SF 49ers: How long is Kyle Shanahan’s leash on Jimmy Garoppolo?

Jimmy Garoppolo #10 with head coach Kyle Shanahan of the San Francisco 49ers (Photo by Thearon W. Henderson/Getty Images)
Jimmy Garoppolo #10 with head coach Kyle Shanahan of the San Francisco 49ers (Photo by Thearon W. Henderson/Getty Images) /

After the SF 49ers’ ugly Week 1 loss to the Cardinals, it’s safe to wonder what Kyle Shanahan thinks of Jimmy Garoppolo, both in 2020 and beyond.

No, this isn’t an SF 49ers overreaction piece after the Niners coughed up multiple leads en route to an embarrassing 24-20 Week 1 loss to the visiting Arizona Cardinals last Sunday.

And it’s certainly not a proverbial “call to the pen” for head coach Kyle Shanahan to swap out his starting quarterback, Jimmy Garoppolo, for his primary backup, Nick Mullens, as many a Twitter pundit might like to see in the hours and days following a shoddy performance from the Niners QB.

But in light of a lot of the evidence, it is fair to wonder whether or not Shanahan is growing impatient with his starting quarterback.

From a statistical vantage point, Garoppolo’s efforts in Week 1 weren’t bad at all. He went 19-of-33 for 259 yards, two touchdowns against zero interceptions and posted a passer rating of 103.0. Tack on San Francisco’s short-handed situation at wide receiver, a third-string center and some of Shanahan’s own questionable play-calling, and it’s foolish to place the entire blame squarely on Jimmy G’s shoulders.

Still, as Niner Noise’s Marc Delucchi pointed out, a massive chunk of the blame does hinge on Garoppolo.

As does Pro Football Focus’ Week 1 recap of Garoppolo’s efforts:

"Despite being under pressure on only nine of his 37 dropbacks, did not fare well. Garoppolo completed none of his four attempts of 20 or more yards downfield. His grade of 49.8 as a passer was better than only Carson Wentz and Sam Darnold of all NFL QBs in Week 1. He also was responsible for one of the Cardinals’ three sacks."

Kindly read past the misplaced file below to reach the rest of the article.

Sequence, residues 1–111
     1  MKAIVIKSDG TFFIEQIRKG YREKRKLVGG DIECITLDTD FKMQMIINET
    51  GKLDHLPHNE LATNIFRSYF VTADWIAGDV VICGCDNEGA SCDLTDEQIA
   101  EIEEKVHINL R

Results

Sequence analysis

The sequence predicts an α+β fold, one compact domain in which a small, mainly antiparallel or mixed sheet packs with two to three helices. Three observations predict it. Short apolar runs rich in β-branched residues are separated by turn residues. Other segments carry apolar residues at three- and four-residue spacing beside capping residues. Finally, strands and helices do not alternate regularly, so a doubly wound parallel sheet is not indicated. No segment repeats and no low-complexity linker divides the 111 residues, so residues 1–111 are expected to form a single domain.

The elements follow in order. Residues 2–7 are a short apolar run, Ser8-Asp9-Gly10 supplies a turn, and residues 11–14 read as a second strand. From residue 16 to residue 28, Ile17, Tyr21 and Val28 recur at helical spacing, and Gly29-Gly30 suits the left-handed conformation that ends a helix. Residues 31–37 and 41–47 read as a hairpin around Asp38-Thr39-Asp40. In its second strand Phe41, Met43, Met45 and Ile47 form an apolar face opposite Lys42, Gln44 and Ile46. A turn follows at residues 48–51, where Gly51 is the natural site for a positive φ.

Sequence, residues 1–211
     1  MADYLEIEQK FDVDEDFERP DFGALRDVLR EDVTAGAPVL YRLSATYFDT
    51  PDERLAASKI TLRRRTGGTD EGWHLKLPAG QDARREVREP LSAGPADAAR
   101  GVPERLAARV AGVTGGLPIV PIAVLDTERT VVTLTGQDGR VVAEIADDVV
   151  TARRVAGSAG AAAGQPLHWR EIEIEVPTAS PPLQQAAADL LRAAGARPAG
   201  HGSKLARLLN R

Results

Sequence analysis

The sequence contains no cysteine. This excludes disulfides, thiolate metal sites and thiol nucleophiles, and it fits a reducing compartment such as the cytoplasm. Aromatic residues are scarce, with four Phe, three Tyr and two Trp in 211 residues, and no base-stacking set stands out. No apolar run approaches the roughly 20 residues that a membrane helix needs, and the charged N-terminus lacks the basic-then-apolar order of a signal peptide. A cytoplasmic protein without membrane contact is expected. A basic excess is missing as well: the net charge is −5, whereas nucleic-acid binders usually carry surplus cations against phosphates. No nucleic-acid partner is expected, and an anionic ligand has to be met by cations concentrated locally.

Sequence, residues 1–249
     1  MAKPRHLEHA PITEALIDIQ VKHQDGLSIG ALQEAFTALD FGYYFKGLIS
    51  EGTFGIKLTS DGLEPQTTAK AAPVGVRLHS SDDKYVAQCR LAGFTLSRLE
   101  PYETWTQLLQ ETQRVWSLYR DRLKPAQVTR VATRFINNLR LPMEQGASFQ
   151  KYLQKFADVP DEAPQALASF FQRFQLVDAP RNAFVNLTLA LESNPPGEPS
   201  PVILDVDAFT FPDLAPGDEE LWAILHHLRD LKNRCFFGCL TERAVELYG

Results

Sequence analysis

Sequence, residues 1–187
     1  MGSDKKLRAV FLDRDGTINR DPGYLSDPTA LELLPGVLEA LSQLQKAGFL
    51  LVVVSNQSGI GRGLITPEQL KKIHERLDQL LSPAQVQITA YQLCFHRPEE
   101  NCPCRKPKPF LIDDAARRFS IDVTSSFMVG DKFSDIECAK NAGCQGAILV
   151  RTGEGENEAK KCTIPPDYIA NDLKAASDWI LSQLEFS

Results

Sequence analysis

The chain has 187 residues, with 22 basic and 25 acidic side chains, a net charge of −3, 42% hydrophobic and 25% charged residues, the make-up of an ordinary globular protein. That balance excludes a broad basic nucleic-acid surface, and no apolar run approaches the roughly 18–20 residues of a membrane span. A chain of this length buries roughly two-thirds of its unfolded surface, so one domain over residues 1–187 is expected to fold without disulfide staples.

It was a bad game from Jimmy G. No getting around that. And he’ll have a chance to correct things in Week 2 against a lowly New York Jets squad, so there’s room for optimism.

Still, it’s fair to wonder just how patient Shanahan will be with Garoppolo over the course of the season. The head coach’s comments about Garoppolo after the game were pointed, yet fair:

"He had some good plays in there, but just like the entire offense, just missed a number of opportunities that it was going to take to win that game. We had a couple there, but he’s got to play better. We’ve all got to play better on offense, especially, and it starts with me."

In that regard, Shanahan isn’t shying away from the fact a $137.5 million quarterback needs to improve in those situations, but he’s also careful not to place sole blame on Garoppolo either.

That’s good. But will it last forever?

Jimmy Garoppolo’s impact for SF 49ers the last four games

Last season, in the NFC divisional round, Garoppolo attempted only 19 passes as the Niners gouged the Minnesota Vikings on the ground. A week later against the Green Bay Packers in the NFC Championship game, Garoppolo was asked to do even less as running back Raheem Mostert ran wild for the 37-20 SF 49ers win.

In that game, Garoppolo had just eight pass attempts.

But the run game didn’t quite carry San Francisco enough in the Super Bowl, partially due to Shanahan’s play-calling late in the game, and Garoppolo’s own efforts weren’t enough to put the 49ers on his shoulders.

Again, something you’d want to expect from a signal-caller in an upper tier of quarterbacks, especially from the financial vantage point.

In some ways, Week 1 emulated Garoppolo’s struggles against the Kansas City Chiefs in Super Bowl LIV. A number of throws were wildly inaccurate, and Garoppolo’s poise within the pocket was lacking, too. When he had the opportunity for a big play to happen, both in the Super Bowl and in Week 1, it didn’t materialize.

Just ask former 49ers wide receiver Emmanuel Sanders from last February and current Niners wideout Kendrick Bourne after Week 1.

Yet the overall gist of Shanahan’s patience could come down to money, which becomes a major factor in 2021.

Garoppolo is due up to $26.9 million next season, which accounts for 12.5 percent of the team’s current projected spending next season. But he also carries zero in guaranteed money for the next two years, and the Niners could save $24.1 million in 2021 against $2.8 million in dead money. The numbers change to $25.6 million and $1.4 million, respectively, in 2022.

For a Niners team thinking about eventual extensions down the road for linebacker Fred Warner, wide receiver Deebo Samuel and EDGE Nick Bosa, it’s not impossible to think Shanahan could be looking at life after Garoppolo sooner than later.

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And performances like the one seen last Sunday won’t help make Shanahan think Garoppolo is the option needed under center.